Concentricity

Discussion in 'Reloading' started by WV Sendero, Feb 10, 2011.

  1. WV Sendero

    WV Sendero Well-Known Member

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    I just got my Hornady Concentricity gauge set-up and measured the bullet runout on my current load I am working up for my Sendero 7mm. All 25 loads were within .0025, most were .002 or less. Is this an acceptable range?
     
  2. Kevin Rohrer

    Kevin Rohrer Well-Known Member

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    Yes. The rule of thumb is that if it is =<.003, it is fine.

    I use one and my average appears to be around .0015 on the ten presses I measured it with.
     

  3. WV Sendero

    WV Sendero Well-Known Member

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    I saw on here that some people measure the case necks rather than the ogives so I re-measured the cartridges on the necks and the run-out was significantly greater than was measured on the ogives (some were out .007" on necks but none were more than .0025" on ogive). As I did this I adjusted the run-out on the necks to be .0025" or better and when I re-checked the ogives again the run-out was .001" or less on all 25 rounds. So my question is, is it ok to adjust run-out on the necks?
     
  4. Airgunner7

    Airgunner7 Well-Known Member

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    I have one too and it is handy for bending them back but, it will not correct the neck from being off center. I use roller type device to measure the necks. Rolling them on glass is a fast way to check em.:)
     
  5. Mikecr

    Mikecr Well-Known Member

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    You're in position to verify what I've said here all along -that concentricity gages(Hornady, H&H) mask runout. The reason your deviation seems to go up back on the necks is that the indicator is further from the pinned bullet nose. Further back on the body you would see even more, and further toward the bullet tip would show even less -on any ammo -with that gage.
    If you measured that same ammo on a Sinclair roller/v-block type gage, you'd find that your runout is actually greater than you think.
     
  6. Trickymissfit

    Trickymissfit Well-Known Member

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    just fine
    gary
     
  7. frequent misser

    frequent misser Well-Known Member

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    That is a good point. I have both the sinclair and the hornady. Loaded rounds that measure .005-6 on the sinclair show up as .002-3 on the hornady. I loaded some rounds for my 308 the other night and was adjusting my fl sizer. After I loaded some up I checked the runout on both and those were my findings. I need to play with my sizing die some more. I did have the runout down to .002 on the sinclair and I trust those numbers.
     
  8. Mikecr

    Mikecr Well-Known Member

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    Yeah, your ammo is straight when it measures so on this Sinclair(or effective similar):
    SINCLAIR INTERNATIONAL : Sinclair Concentricity Gage -

    They marchandise it as a concentricity gage. Sounds sexier I guess..
    But it doesn't measure concentricity, or eccentricity.
    It's a runout indicator.
     
  9. nheninge

    nheninge Well-Known Member

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    people sure love to see those low numbers. if the machine design masks the run out then the low number doesn't mean anything. it just gives people what they want to see . +1 mike. it also depends on where you take your measurements. run out is always greater further down the bullet.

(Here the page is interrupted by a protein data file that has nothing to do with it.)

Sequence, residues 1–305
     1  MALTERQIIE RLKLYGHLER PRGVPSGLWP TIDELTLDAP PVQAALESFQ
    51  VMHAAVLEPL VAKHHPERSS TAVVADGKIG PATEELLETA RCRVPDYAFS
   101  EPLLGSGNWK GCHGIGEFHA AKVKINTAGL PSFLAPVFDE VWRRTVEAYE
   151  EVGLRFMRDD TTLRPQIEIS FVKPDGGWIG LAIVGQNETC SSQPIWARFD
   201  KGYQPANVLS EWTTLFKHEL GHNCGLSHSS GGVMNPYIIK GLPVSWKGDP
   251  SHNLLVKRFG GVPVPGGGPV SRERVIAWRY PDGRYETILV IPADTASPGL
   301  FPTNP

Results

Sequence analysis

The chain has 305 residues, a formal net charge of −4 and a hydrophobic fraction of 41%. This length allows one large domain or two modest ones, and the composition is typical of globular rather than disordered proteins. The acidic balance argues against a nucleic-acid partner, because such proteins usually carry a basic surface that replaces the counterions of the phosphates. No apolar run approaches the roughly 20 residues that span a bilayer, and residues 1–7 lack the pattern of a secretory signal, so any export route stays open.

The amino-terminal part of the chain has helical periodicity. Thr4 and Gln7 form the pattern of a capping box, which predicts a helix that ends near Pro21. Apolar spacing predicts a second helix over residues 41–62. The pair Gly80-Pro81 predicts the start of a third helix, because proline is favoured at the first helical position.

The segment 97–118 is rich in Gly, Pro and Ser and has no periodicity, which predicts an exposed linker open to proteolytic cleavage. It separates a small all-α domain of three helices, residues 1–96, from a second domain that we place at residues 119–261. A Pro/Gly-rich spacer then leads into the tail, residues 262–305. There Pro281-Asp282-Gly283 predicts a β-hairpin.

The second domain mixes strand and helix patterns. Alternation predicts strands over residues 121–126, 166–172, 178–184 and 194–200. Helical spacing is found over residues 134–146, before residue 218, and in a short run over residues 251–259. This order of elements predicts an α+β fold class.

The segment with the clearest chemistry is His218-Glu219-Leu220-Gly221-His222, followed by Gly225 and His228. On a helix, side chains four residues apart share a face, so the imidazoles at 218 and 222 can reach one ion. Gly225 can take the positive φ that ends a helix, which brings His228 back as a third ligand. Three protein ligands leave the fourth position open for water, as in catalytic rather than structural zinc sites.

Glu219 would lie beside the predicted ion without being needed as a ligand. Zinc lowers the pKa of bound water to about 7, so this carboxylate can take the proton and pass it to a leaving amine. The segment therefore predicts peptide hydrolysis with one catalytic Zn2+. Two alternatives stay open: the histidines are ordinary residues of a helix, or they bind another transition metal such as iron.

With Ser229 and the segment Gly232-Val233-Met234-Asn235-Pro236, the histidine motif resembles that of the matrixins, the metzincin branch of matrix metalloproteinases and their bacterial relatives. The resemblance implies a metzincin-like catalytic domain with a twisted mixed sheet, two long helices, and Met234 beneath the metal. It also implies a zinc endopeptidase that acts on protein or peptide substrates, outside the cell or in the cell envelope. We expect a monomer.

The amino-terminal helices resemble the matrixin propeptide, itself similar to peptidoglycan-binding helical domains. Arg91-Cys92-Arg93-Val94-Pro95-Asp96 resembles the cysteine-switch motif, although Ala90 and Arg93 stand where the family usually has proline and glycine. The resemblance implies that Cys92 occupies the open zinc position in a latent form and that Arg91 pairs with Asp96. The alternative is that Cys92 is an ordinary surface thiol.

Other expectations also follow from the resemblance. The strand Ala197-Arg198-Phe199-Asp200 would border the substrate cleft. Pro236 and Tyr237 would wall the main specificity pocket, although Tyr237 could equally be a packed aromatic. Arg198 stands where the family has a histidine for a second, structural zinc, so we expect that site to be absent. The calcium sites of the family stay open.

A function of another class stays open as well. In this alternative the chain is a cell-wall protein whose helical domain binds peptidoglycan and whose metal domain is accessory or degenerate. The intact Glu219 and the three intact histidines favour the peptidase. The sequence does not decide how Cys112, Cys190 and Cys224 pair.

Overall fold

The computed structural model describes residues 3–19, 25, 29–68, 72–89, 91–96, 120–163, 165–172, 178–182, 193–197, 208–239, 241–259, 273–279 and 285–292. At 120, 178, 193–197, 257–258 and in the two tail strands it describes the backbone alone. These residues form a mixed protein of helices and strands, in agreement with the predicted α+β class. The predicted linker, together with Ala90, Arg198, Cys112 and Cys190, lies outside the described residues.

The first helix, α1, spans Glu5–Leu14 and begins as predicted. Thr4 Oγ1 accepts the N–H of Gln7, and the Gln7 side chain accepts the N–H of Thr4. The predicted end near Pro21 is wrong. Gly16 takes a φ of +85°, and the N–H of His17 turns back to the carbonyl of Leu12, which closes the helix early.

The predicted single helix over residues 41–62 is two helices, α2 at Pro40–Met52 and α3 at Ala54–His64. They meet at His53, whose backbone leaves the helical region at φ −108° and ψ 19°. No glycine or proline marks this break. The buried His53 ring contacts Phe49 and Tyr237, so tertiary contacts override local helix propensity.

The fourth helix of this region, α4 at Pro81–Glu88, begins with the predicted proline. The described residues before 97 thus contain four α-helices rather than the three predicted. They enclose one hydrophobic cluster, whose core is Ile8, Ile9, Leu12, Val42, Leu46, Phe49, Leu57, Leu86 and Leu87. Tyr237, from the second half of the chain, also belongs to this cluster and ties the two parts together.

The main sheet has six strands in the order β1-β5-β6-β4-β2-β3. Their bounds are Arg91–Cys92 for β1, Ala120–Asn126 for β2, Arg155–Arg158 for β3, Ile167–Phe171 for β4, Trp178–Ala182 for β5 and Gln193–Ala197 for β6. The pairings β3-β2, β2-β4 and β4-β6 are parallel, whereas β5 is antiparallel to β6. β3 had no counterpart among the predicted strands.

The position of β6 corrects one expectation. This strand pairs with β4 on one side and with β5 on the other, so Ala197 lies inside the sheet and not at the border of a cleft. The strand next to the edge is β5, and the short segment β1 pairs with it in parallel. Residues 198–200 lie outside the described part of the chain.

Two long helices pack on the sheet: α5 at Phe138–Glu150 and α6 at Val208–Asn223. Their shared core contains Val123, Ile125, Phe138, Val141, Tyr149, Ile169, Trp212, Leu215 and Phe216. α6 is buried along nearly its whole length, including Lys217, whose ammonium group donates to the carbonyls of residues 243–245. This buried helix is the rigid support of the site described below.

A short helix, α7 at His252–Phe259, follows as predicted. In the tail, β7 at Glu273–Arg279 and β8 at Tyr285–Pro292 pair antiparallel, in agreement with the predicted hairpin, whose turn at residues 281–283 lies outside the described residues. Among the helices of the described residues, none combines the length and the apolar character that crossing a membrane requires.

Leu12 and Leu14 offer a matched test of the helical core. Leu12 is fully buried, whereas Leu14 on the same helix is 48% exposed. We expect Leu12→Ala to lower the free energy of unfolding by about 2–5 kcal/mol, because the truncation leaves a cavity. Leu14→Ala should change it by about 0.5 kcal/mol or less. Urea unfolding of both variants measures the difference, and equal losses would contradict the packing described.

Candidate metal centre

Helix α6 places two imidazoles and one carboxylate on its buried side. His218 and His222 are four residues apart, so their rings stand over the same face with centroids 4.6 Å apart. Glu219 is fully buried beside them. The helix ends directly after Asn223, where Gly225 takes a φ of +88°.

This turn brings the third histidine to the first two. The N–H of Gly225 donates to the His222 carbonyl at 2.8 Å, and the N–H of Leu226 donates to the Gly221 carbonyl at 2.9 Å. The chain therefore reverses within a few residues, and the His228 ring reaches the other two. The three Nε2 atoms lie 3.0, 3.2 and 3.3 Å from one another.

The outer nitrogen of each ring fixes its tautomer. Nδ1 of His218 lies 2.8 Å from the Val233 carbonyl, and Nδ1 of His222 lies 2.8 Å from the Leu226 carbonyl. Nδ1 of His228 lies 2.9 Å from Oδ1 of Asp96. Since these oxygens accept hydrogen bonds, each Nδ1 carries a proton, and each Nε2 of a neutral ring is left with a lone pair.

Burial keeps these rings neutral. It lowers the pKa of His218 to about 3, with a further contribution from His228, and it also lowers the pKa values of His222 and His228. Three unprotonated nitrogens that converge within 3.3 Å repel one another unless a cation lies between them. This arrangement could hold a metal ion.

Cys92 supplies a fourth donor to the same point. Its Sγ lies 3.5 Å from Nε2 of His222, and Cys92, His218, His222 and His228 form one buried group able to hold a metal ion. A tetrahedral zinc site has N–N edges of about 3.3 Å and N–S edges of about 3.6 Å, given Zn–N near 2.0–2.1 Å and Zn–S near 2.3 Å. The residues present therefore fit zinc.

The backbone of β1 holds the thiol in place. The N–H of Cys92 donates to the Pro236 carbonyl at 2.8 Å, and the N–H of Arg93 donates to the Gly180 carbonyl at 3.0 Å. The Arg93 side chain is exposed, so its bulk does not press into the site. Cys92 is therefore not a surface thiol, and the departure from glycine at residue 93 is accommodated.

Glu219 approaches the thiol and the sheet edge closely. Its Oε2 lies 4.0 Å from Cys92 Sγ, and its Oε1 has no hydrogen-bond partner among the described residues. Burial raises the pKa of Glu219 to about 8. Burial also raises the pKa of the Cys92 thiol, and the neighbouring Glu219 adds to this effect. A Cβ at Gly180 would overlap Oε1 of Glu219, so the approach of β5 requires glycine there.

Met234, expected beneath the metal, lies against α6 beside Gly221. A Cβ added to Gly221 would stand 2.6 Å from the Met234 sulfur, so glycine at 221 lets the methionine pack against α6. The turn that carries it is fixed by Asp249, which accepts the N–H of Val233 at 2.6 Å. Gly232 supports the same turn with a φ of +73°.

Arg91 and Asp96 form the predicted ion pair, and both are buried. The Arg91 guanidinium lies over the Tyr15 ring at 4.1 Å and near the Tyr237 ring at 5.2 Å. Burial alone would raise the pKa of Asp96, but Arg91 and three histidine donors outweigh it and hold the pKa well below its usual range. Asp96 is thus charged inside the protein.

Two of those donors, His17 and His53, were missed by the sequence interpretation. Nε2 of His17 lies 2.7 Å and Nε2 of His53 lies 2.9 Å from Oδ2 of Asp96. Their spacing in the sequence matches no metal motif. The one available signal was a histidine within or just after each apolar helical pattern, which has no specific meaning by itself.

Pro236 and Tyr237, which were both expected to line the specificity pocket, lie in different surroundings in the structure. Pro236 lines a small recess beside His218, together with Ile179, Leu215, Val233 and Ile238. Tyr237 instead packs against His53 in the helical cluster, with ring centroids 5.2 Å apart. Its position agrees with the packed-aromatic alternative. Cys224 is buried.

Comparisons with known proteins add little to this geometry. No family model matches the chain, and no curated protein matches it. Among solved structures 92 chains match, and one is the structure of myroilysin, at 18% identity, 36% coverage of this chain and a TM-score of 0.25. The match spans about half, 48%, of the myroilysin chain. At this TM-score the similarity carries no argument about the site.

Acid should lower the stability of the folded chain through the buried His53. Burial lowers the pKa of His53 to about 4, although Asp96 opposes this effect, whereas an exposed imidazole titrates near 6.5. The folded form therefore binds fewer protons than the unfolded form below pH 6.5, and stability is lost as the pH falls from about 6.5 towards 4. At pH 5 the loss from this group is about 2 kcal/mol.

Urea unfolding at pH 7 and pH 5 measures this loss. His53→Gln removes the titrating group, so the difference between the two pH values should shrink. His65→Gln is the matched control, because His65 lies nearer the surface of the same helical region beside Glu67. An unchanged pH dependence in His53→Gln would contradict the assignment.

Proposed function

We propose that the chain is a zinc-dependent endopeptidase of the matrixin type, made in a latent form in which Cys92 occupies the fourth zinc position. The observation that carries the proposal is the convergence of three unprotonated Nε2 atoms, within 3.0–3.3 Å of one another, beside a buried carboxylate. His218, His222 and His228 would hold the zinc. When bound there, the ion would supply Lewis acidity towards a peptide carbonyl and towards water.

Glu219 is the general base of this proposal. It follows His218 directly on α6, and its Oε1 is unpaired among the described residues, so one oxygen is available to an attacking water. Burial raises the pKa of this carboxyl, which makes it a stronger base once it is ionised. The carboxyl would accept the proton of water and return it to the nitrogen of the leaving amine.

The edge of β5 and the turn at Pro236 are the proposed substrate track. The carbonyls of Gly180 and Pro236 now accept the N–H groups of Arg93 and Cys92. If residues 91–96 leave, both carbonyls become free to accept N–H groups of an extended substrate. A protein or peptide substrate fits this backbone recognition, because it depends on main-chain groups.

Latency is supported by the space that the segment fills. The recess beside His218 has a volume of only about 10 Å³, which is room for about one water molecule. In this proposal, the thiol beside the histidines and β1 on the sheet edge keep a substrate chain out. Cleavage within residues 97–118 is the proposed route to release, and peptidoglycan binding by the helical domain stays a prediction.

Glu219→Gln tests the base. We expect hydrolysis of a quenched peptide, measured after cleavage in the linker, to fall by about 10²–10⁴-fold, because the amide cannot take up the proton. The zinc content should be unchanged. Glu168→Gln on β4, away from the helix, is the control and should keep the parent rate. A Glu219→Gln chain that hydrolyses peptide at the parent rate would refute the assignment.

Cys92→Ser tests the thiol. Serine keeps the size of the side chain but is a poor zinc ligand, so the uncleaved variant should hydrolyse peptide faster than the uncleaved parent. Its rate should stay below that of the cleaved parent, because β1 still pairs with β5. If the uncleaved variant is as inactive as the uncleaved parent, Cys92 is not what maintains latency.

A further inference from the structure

10. BigJakeJ1s

    BigJakeJ1s Well-Known Member

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    Depends on where the cartridge is supported when you are making the measurement. Some gauges support near the head and near the tip of the bullet. In that case, measuring near the middle between them will give you the largest reading for a given amount of "crookedness". If the cartridge is supported at both ends of the body (below the shoulder) then, yes, further out on the bullet gives larger readings. Beware of trying to compare measurements from two people with different setups.

    Andy
     
  11. Mikecr

    Mikecr Well-Known Member

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    This is true of actual 'concentricity' gages. But you might notice that they typically indicate nearest support of the bullet tip, which provides only a portion of 'crookedness'..
     
  12. Airgunner7

    Airgunner7 Well-Known Member

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    I fell for it too, the hornady gage is cool but not all that practical.

    Buy the Sinclar or make your own with some bb's or V holders.

    Better yet, you have half of what you need on the Hornady already, just add some v holders to it and reverse the concave head holder to the flat side for your end stop......I have a new mission

    Scope rings almost worklightbulb....I'll find something laying around here to mount to it.
     
  13. WV Sendero

    WV Sendero Well-Known Member

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    So is the Hornady even worth having or did I completely waste my money? And is it really a good idea to use it to "straighten" cartridges. It seems like when correcting the run-out with that thing you may cause more distortion in areas you aren't measuring and make your load worse even though the gauge says otherwise. Any thoughts?
     
  14. nheninge

    nheninge Well-Known Member

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    waste of money IMHO. Build them right from the start.